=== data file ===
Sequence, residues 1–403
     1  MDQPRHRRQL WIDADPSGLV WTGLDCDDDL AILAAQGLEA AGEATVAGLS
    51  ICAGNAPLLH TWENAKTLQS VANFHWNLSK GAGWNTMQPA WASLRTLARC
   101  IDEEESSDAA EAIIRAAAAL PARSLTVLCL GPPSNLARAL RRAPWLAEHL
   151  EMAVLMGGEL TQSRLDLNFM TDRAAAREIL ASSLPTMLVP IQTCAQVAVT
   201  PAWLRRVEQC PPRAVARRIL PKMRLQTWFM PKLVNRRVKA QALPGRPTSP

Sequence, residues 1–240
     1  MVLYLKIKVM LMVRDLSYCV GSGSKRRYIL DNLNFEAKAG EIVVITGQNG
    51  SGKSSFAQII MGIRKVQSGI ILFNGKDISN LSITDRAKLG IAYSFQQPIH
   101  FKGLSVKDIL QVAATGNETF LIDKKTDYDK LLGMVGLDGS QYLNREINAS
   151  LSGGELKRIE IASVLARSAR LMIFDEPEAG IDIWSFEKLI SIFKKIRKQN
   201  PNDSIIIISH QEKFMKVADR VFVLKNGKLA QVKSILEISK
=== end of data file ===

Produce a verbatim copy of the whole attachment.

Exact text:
Sequence, residues 1–403
     1  MDQPRHRRQL WIDADPSGLV WTGLDCDDDL AILAAQGLEA AGEATVAGLS
    51  ICAGNAPLLH TWENAKTLQS VANFHWNLSK GAGWNTMQPA WASLRTLARC
   101  IDEEESSDAA EAIIRAAAAL PARSLTVLCL GPPSNLARAL RRAPWLAEHL
   151  EMAVLMGGEL TQSRLDLNFM TDRAAAREIL ASSLPTMLVP IQTCAQVAVT
   201  PAWLRRVEQC PPRAVARRIL PKMRLQTWFM PKLVNRRVKA QALPGRPTSP

Sequence, residues 1–240
     1  MVLYLKIKVM LMVRDLSYCV GSGSKRRYIL DNLNFEAKAG EIVVITGQNG
    51  SGKSSFAQII MGIRKVQSGI ILFNGKDISN LSITDRAKLG IAYSFQQPIH
   101  FKGLSVKDIL QVAATGNETF LIDKKTDYDK LLGMVGLDGS QYLNREINAS
   151  LSGGELKRIE IASVLARSAR LMIFDEPEAG IDIWSFEKLI SIFKKIRKQN
   201  PNDSIIIISH QEKFMKVADR VFVLKNGKLA QVKSILEISK